Tony Burrows

From Wikipedia, the free encyclopedia
Jump to navigation Jump to search

Tony Burrows
Tony Burrows Caravan XV 3777f.jpg
Tony Burrows in concert, 17 May 2008
Background information
Born (1942-04-14) 14 April 1942 (age 76)
Exeter, Devon, England
GenresPop
Occupation(s)Singer, songwriter
InstrumentsVocals, guitar
Years active1960s–present
Associated actsThe Kestrels, The Ivy League, The Flower Pot Men, White Plains, The Pipkins, Edison Lighthouse, The First Class, Brotherhood of Man

Anthony "Tony" Burrows (born 14 April 1942) is an English session pop singer and recording artist.[1]

Career[edit]

Burrows was born in Exeter, Devon. In the early 1960s, he was a member of The Kestrels, a vocal harmony group which also included the future songwriting team Roger Greenaway and Roger Cook. Subsequently he joined The Ivy League, and was still with them when they metamorphosed into The Flower Pot Men. The Flower Pot Men had only one hit, "Let's Go to San Francisco", which reached #4 on the UK Singles Chart in the autumn of 1967. Two founding members of Deep Purple, Jon Lord and Nick Simper, were also part of this early band.

Later, Burrows sang the lead vocals on several other one-hit wonder songs under different group names, Edison Lighthouse's "Love Grows (Where My Rosemary Goes)" (February 1970); White Plains' "My Baby Loves Lovin'" (March 1970); The Pipkins' novelty song "Gimme Dat Ding" (April 1970); and The First Class' "Beach Baby" (July 1974). He also sang lead vocals on The Brotherhood of Man's "United We Stand", which reached #10 on the UK charts and also reached #13 in the U.S.

A published interview with Burrows claims that he became the first (and still the only) recording artist to appear on BBC Television's Top of the Pops fronting three different group acts appearing nearly simultaneously in a single broadcast show: Edison Lighthouse (the #1 British-charted hit that week), White Plains, and Brotherhood of Man. However records show that this did not happen. He did, however, have two of his bands on the same Top of the Pops four times between 29 January and 26 February 1970. Appearing alongside Edison Lighthouse on the shows were Brotherhood of Man (29-01-70 and 19-02-70) and White Plains (12-02-70 and 26-02-70). The appearances on 29 January, 5 February and 26 February 1970 are all still in existence.

Although he hit the Top 40 as the lead singer of five different groups, he only managed to have one chart single as a solo artist in the U.S. In 1970, he hit the Billboard Hot 100 with "Melanie Makes Me Smile", which peaked at #87. As well as fronting various hit-making acts, Burrows has also contributed vocals as a session singer to many other hits, claiming to have sung on 100 Top 20 hits in the 1970s.[2]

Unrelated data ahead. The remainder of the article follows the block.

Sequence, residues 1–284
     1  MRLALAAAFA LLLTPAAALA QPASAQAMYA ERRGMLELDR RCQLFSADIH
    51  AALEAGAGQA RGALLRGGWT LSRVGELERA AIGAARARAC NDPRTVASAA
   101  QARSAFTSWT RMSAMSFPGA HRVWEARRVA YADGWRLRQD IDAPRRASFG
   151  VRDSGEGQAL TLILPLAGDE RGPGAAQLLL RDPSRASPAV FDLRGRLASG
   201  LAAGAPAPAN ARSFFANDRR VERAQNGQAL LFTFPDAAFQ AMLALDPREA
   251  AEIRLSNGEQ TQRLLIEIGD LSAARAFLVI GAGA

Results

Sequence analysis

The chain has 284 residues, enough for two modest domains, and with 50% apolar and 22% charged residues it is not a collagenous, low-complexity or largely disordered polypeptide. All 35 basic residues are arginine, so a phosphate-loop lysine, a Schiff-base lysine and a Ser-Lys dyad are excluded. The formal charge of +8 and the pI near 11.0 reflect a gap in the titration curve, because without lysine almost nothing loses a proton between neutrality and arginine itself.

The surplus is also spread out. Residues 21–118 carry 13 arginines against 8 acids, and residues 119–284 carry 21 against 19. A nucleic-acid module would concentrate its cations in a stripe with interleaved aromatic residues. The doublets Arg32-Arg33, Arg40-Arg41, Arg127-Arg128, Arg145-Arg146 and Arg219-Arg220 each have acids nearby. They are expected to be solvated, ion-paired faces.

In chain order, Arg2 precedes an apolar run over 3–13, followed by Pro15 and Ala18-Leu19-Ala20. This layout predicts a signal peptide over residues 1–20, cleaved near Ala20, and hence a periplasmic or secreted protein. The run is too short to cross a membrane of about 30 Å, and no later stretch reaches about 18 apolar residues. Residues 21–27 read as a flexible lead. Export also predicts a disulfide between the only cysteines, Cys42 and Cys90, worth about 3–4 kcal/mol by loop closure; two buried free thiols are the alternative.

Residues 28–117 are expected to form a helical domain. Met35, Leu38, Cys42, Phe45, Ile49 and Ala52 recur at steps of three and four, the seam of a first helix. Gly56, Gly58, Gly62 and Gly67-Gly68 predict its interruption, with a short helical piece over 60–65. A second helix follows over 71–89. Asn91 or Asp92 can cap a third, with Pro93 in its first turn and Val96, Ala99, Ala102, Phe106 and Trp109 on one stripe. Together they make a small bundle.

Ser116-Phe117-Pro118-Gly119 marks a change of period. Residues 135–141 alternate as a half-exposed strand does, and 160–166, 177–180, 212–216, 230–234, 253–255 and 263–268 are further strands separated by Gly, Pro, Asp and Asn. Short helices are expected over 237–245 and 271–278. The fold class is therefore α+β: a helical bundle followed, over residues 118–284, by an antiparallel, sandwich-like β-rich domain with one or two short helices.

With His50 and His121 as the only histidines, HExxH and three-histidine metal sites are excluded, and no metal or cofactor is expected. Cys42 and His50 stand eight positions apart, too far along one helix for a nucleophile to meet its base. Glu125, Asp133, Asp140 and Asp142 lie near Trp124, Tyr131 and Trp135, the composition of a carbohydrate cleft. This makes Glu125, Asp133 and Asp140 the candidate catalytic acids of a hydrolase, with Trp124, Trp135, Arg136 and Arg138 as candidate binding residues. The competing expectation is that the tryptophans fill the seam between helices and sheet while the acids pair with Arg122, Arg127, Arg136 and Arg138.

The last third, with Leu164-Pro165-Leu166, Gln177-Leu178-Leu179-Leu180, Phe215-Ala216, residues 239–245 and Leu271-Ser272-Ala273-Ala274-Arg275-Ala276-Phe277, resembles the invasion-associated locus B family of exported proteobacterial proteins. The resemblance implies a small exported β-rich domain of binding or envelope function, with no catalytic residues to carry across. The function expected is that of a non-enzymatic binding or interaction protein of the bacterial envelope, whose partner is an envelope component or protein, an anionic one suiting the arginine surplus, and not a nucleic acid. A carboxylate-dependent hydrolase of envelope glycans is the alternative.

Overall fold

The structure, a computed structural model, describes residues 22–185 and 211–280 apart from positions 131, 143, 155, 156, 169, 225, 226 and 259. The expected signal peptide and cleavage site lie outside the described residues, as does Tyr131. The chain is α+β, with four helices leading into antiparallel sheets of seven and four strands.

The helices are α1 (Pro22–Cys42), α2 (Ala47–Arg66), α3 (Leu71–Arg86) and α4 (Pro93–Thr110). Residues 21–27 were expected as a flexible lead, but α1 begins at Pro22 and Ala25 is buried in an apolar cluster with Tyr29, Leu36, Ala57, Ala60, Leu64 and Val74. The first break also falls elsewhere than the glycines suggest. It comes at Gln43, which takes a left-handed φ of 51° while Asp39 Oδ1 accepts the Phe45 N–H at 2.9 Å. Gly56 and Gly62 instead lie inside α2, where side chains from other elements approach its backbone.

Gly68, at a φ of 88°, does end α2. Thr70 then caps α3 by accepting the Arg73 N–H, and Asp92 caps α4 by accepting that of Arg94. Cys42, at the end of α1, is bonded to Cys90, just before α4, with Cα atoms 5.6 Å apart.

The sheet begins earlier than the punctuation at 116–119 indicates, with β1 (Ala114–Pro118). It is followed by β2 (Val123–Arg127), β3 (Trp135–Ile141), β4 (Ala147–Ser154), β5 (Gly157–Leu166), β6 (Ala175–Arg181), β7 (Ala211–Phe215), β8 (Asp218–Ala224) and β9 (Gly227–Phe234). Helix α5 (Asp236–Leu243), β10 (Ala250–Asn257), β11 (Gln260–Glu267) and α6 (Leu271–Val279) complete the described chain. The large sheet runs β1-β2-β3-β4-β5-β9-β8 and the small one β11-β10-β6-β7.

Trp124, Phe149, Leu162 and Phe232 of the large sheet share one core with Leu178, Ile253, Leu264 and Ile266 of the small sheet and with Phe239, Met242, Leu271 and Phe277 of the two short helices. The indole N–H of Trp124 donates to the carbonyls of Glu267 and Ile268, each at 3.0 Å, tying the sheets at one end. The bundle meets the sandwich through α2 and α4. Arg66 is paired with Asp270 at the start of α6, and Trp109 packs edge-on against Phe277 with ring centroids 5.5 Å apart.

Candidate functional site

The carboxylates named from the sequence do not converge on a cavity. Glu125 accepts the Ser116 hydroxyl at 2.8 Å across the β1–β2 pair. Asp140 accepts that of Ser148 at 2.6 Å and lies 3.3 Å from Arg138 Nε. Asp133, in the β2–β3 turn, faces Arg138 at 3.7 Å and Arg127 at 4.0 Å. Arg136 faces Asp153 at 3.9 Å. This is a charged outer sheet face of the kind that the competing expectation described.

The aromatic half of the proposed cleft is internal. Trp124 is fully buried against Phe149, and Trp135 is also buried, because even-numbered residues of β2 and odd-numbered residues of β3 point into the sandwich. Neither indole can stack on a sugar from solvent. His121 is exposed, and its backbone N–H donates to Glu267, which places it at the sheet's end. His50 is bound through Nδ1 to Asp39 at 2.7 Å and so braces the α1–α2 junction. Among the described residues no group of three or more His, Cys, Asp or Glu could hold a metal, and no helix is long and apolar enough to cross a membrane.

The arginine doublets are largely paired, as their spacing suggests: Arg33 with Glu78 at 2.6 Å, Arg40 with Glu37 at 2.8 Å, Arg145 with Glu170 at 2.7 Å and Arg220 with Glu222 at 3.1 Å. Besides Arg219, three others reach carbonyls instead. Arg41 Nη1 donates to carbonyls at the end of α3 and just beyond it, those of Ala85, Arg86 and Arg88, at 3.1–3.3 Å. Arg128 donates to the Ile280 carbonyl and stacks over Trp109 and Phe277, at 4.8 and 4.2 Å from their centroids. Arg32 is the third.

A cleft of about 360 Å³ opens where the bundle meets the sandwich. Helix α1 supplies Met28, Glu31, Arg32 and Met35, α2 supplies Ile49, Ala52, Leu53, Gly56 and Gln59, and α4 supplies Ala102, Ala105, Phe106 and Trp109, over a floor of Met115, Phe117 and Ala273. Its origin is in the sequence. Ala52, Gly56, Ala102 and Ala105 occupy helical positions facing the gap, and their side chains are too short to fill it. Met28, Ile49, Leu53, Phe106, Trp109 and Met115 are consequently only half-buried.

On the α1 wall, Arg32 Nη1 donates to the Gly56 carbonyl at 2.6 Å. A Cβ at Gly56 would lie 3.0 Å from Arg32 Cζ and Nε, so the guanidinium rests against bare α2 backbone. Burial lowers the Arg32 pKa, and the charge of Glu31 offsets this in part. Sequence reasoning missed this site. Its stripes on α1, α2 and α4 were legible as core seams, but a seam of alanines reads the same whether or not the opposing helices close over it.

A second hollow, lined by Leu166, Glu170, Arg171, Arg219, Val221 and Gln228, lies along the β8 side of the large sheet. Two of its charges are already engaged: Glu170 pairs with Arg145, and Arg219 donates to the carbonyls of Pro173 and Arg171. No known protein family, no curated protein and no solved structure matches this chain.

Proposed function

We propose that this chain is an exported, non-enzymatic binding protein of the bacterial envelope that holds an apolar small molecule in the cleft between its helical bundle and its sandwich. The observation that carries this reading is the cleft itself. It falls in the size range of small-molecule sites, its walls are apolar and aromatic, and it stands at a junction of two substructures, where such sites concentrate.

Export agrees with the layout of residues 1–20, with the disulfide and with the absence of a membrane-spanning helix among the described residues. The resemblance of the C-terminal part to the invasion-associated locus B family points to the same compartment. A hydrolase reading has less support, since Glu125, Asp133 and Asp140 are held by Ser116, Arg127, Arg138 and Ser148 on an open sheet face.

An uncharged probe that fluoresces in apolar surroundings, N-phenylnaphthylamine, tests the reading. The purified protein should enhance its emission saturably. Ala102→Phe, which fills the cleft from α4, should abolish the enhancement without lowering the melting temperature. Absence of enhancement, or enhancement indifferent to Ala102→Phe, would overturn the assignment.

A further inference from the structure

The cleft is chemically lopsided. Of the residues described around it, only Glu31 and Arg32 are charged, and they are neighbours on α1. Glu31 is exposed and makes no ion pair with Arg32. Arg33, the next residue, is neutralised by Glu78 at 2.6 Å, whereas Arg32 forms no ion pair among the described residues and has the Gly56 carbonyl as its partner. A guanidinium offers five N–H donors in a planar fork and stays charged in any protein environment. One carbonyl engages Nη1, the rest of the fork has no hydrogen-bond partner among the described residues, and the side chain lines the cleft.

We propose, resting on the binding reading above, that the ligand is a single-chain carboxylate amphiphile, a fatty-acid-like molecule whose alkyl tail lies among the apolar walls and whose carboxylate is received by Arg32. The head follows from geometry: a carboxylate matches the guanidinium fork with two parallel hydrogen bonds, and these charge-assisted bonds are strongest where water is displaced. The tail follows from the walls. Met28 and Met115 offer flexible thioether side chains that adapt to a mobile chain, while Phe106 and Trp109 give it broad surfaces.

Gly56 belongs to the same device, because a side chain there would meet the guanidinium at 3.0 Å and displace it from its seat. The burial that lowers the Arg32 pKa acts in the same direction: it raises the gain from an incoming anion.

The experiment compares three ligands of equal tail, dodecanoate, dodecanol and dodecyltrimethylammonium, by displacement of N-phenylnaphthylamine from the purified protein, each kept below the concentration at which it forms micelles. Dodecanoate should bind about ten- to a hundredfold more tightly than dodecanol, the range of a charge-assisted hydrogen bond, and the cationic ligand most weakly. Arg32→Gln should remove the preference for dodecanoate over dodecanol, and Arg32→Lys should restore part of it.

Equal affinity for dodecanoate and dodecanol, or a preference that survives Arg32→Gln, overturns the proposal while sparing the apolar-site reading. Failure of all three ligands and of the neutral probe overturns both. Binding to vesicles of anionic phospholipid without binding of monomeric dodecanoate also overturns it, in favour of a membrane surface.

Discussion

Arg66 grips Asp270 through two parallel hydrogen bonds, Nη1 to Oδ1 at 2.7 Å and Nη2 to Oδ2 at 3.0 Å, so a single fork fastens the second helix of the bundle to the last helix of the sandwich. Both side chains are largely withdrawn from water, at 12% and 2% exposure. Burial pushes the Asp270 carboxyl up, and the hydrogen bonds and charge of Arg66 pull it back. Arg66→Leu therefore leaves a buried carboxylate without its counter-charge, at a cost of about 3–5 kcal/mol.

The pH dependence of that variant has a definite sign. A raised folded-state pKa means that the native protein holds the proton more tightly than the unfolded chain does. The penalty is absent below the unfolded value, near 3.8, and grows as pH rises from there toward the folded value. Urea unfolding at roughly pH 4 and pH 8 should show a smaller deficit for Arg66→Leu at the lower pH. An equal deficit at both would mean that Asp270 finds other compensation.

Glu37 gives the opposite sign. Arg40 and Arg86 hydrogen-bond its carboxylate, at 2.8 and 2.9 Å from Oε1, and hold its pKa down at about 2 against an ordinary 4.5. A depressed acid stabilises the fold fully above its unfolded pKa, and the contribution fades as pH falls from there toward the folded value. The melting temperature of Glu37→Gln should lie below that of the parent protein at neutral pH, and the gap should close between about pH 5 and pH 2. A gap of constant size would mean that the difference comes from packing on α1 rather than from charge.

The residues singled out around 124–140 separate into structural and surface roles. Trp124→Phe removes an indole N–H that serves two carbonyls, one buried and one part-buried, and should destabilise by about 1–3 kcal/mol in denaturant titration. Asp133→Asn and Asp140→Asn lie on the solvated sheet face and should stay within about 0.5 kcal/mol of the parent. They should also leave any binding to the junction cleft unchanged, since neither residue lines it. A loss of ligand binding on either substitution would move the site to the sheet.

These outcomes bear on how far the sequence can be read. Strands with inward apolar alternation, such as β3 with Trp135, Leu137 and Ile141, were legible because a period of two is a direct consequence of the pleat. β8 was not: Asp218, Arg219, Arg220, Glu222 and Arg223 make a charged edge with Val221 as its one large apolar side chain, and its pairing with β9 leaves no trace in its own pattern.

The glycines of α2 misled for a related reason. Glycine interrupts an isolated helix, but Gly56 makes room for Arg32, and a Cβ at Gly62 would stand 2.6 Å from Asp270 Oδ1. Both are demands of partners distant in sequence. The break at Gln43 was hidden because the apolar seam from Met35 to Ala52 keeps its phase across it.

He has also recorded as a session harmony singer with Elton John, Cliff Richard, and James Last. In 2011, Burrows was awarded with BASCA Gold Badge Award in recognition to his contribution to music.[3]

Discography[edit]

Singles
  • 1970: "Melanie Makes Me Smile" / "I'll Get Along Somehow Girl (Bell 1103)
  • 1970: "I've Still Got My Heart, Jo" / "Every Little Move She Makes" (Bell 1124)
  • 1971: "The Humming Song" / "Recollections" (Bell 1140)
  • 1971: "I'll Always Come Up Smiling" / "Back Home" (Bell 1172)
  • 1971: "Hand Me Down Man" / "Country Boy" (Bell 1190)
  • 1971: "In The Bad Old Days" / "In The Bad Old Days" (Bell USA 45-116, promo)
  • 1972: "Rhythm of the Rain" / "Home Lovin' Man" (Bell 1235)
  • 1973: "Take Away the Feeling" / "Lazy Weekend" (Ammo 103)
  • 1974: "Have You Had a Little Happiness Lately" / "Can't Live With You, Can't Live Without You" (Ammo 111)
  • 1975: "Run Joey Run" / "Girl I Used To Know" (RAK 216)
  • 1976: "Never Gonna Fall in Love Again" / "Changing" (as Magic featuring Tony Burrows) (Bus Stop Records 1036)
  • 1976: "Oh My Jo" / "Girl You've Got Me Going" (Bus Stop 1039)
  • 1976: "When My Little Girl is Smiling" / "What Ya Gonna Do About Him" (DJM 10718)
  • 1984: "Three Chord Trick" / "Wake Up America" (as Heart to Heart with Stephanie de Sykes) (EMI 5461)

References[edit]

  1. ^ Jancik, Wayne (March 1998). The Billboard book of one-hit wonders. Billboard Books. p. 275. ISBN 978-0-8230-7622-2. Retrieved 29 May 2011.
  2. ^ "Tony Burrows". Alwynwturner.com. Retrieved 8 September 2018.
  3. ^ "Gold Badge Awards in pictures - M Magazine". M-magazine.co.uk. 26 October 2011. Retrieved 8 September 2018.

External links[edit]